Linux Backup Server: Refining Rsync, Passwordless Authentication - page 2
Rsync Backup ScriptDoubtless you have noticed a flaw in this fine scheme, which is how will logins happen? You don't want to hang around just to type in a password. We are going to use password-less public key authentication. Create ordinary SSH keys with ssh-keygen on the source PC. Copy the public key to the appropriate user account on the backup server, and presto! No password required. I prefer this to ssh-agent/keychain because it survives reboots. If you're thinking this sounds unsafe, it isn't as long as your protect your private key. You can spew forth hundreds of copies of your public key, but it won't do anyone any good unless they have access to the PC with the private key. Wherever your private key is, that is where you must log in to the server from.
You can still copy files both ways once you're logged in, from your PC to the server or the server to the PC.
First create an RSA or DSA keypair, as the user they're going to belong to. I have heard so many arguments which one is better I no longer care. I like RSA because it supports a longer key length, which may or may not matter, depending who is arguing at you. DSA keys must be 1024 bits. RSA keys can be from 768-- 4096. The default is 2048-bit RSA. When prompted to create a password do not create one:
Generating public/private rsa key pair.
Enter file in which to save the key (/home/carla/.ssh/id_rsa): /home/carla/.ssh/id_rsa_carla_xena
Enter passphrase (empty for no passphrase):
Enter same passphrase again:
Your identification has been saved in /home/carla/.ssh/id_rsa_carla_xena.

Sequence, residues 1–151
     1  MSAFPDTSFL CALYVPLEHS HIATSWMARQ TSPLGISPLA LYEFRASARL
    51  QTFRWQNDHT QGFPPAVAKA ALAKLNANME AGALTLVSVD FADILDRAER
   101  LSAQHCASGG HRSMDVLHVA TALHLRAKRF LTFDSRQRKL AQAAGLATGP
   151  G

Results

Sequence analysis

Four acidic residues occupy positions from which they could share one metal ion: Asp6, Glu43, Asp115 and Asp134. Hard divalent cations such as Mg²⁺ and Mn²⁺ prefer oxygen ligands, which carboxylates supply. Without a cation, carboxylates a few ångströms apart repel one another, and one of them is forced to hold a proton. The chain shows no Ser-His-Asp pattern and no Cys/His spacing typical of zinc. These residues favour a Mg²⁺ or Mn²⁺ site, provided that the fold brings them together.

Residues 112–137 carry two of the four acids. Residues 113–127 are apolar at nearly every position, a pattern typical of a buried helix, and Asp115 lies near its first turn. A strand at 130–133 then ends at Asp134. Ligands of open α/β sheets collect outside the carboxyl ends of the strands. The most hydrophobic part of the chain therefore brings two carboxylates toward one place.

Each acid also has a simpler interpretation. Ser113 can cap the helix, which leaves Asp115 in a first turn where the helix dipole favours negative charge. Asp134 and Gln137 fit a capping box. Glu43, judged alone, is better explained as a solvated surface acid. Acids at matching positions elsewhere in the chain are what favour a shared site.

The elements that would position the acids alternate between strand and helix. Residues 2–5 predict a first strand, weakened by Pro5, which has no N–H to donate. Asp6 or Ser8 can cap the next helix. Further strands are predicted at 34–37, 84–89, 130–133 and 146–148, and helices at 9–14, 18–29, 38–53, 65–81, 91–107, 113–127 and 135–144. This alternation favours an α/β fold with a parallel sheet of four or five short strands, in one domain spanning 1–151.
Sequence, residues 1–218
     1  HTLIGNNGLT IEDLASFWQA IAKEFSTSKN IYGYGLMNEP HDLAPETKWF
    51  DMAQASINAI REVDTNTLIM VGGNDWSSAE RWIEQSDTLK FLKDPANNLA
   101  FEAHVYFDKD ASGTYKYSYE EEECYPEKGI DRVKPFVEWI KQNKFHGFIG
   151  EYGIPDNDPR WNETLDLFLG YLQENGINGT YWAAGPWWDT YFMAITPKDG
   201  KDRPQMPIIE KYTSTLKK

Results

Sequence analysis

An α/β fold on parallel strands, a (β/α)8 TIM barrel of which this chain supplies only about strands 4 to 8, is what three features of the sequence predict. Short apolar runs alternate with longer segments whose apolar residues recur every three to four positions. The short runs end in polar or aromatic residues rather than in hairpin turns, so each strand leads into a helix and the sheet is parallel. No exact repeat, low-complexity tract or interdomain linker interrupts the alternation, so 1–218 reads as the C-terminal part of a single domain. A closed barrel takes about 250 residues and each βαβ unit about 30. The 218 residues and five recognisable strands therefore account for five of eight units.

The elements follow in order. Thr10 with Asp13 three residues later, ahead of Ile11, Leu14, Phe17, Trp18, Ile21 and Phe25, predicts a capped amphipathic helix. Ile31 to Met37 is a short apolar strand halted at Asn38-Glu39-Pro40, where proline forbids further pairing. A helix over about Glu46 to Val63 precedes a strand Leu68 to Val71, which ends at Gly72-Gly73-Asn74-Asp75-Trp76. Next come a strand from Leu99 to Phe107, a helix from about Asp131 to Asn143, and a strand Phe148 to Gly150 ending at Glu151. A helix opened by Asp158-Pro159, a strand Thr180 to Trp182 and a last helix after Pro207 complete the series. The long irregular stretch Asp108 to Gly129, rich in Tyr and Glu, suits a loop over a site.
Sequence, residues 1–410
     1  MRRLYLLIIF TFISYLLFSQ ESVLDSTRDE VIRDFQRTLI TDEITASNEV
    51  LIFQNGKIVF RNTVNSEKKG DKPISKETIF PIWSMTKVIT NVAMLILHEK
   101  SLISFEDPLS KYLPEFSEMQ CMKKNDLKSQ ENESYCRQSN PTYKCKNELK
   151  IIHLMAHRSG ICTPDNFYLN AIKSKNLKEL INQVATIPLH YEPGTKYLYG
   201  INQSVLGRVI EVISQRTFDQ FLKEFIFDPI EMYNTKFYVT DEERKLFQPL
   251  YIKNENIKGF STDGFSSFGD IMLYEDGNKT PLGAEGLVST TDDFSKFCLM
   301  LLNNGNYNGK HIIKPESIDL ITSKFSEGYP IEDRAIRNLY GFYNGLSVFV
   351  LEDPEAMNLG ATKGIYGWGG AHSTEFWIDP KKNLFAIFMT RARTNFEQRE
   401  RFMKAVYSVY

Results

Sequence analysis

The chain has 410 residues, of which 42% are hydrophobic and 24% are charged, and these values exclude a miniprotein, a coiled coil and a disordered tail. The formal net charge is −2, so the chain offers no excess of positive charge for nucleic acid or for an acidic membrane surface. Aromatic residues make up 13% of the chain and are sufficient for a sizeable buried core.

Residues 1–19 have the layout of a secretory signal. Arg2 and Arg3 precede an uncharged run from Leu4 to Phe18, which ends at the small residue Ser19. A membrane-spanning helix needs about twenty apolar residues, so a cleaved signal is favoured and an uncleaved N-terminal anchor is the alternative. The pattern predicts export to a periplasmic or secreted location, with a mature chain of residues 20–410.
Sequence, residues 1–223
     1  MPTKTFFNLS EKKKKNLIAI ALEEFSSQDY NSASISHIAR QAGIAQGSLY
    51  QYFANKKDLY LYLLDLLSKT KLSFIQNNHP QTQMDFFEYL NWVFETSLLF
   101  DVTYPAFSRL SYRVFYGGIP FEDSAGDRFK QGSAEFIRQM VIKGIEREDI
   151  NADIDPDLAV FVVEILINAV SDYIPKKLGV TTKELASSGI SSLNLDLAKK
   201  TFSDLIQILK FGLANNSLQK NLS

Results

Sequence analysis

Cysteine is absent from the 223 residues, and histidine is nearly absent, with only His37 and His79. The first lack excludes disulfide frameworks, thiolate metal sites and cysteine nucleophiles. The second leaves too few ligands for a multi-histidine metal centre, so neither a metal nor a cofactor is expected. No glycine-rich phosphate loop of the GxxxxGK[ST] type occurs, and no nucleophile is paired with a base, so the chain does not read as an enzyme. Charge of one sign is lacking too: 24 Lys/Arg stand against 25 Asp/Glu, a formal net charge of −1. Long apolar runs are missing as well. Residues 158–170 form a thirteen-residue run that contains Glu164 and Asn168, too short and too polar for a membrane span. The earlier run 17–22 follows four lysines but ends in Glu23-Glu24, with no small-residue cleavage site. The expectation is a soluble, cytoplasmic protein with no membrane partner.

Your public key has been saved in /home/carla/.ssh/id_rsa_carla_xena.pub.
The key fingerprint is:
The key's randomart image is:
+--[ RSA 2048]----+ | | | | | | | | | S | | o . . | | . *.o o | | =o* =oo | | ..+oOBE+. | +-----------------+
Stay tuned for an article on what the randomart image and fingerprint are for, and how to retrieve them.
I am now the proud owner of a brand-new custom-named keypair, id_rsa_carla_xena and id_rsa_carla_xena.pub. You don't have to rename yours; I always do because it's an easy way to keep track. The .pub key is your public key, the one you can share. Never ever ever share your private key.
Now you must copy the public key from the client PC to the appropriate account on the backup server. My account on the backup server is carla_backup:
carla@xena:~/.ssh$ scp id_rsa_carla_xena.pub carla_backup@backup_server:~/.ssh/
100% 392 0.4KB/s 00:00
And finally, copy the public key into the authorized_keys file on the server. You can do this without logging in:
carla@xena:~/.ssh$ ssh carla_backup@backup_server "cat ~/.ssh/id_rsa_carla_xena.pub >> ~/.ssh/authorized_keys"
Note that I had to specify the full filepath of the public key. Now test your new keys. The -i option is how you specify which key to use:
carla@xena:$ ssh -i ~/.ssh/id_rsa_carla_xena carla_backup@backup_server
Last login: Mon Feb 28 16:24:59 2011 from xena.alrac.net
The Final Piece: Scheduling Wakeups, Backups and ShutdownsThat's it for today! Come back tomorrow for the final installment. We will assemble all of our pieces and schedule unattended wakeups, backups, and shutdowns.
Carla Schroder is the author of the Linux Cookbook and the Linux Networking Cookbook (O'Reilly Media), the upcoming Book of Audacity (NoStarch Press), a lifelong book lover, and the managing editor of Linux Planet and Linux Today.
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